By Chris Nietupski
It’s no secret that the Twin Cities has cultivated leaders in GLBT advocacy for years. However, as progress continues, the history of those incremental steps that brought us to today is endangered.
Now, you can figuratively and literally walk those steps by downloading the YesterQueer Twin Cities app. The pilot mapping application seeks to document GLBT history, map that history onto the contemporary Twin Cities, and make the map accessible to the public.
The app contains locations and descriptions of over 100 historical points in Twin Cities GLBT history such as the location where Michael McConnell and Jack Baker applied for the first same-sex marriage license in 1970, a social club on Hennepin offering a safe haven for queer youth in the late ’60s, and the location where a bookstore owner stood his ground to open a gay bookstore location on Nicollet in the ’80s.
The app came to fruition through the support from the Jean-Nickolaus Tretter Collection in GLBT Studies at the University of Minnesota and Twin Cities Pride. YesterQueer is a collaborative effort shared by Stewart Van Cleve, author of Land of 10,000 Loves: A History of Minnesota (University of Minnesota Press, 2012) and Kerem San, founder of AppyNerds Mobile App Studio.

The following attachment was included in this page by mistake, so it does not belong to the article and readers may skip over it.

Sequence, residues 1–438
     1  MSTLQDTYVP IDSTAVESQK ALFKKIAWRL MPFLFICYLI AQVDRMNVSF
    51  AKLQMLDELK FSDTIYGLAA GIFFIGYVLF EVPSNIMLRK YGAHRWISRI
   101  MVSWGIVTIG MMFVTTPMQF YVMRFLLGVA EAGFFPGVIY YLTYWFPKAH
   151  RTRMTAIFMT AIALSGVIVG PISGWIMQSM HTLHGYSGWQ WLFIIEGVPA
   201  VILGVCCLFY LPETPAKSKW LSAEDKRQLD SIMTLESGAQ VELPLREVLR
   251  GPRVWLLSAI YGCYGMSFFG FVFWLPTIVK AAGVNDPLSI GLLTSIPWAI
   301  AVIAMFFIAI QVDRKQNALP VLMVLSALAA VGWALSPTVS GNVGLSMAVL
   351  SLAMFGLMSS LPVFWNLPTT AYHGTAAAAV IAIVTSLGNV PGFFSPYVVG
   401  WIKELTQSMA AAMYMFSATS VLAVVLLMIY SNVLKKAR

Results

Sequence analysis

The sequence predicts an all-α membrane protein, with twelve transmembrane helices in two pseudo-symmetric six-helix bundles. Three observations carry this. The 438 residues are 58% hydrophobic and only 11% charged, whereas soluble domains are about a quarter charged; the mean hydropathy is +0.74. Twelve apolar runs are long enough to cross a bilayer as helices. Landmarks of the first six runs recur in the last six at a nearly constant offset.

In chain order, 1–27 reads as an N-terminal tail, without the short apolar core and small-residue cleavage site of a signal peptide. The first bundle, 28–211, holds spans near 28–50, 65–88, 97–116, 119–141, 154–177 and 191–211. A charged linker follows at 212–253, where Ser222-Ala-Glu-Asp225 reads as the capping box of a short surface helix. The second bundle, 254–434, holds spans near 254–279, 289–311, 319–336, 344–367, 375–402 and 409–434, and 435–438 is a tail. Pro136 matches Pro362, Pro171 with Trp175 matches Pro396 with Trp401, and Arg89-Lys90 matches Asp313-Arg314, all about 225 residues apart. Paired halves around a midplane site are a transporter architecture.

“The history exists, it’s out there if you look for it,” said San. “But we wanted to match history with technology to allow people to learn in the palm of their hand and contribute and collaborate all at the same time.”
And its creators hope that the app is never “complete” and will grow based on the shared memories of others.
“We’re not creating a traditional map that doesn’t change,” said Van Cleve. “Instead, we’re hoping to foster a map-based dialogue that allows new memories, which might otherwise be forgotten, to become documented places in our community’s history.”
To share a memory or an image of GLBT history, send an email to [email protected] with a brief description of your memory, the location, and any additional images, if available. You will be contacted if further information is needed.
The launch of the app just prior to the 42nd Annual Twin Cities Pride Festival is no coincidence.
“The Pride Festival appeals to a young, socially conscious crowd,” said Dot Belstler, Executive Director for Twin Cities Pride. “And what better way to showcase the GLBT progress and great work that the Tretter Collection and Stewart have been doing for years than in an app that links history with the forefront of technology?”
Android and iPhone users can download the app in their respective marketplaces by simply searching “YesterQueer” and installing it for free. Festival goers are also encouraged to download the TCPride standalone app that serves as a companion guide for all events during the festival and beyond.
For a more traditional look at GLBTQ history in the Twin Cities, festival goers are encouraged to stop into the Tretter History Pavilion where artifacts and educational resources will be on display all weekend.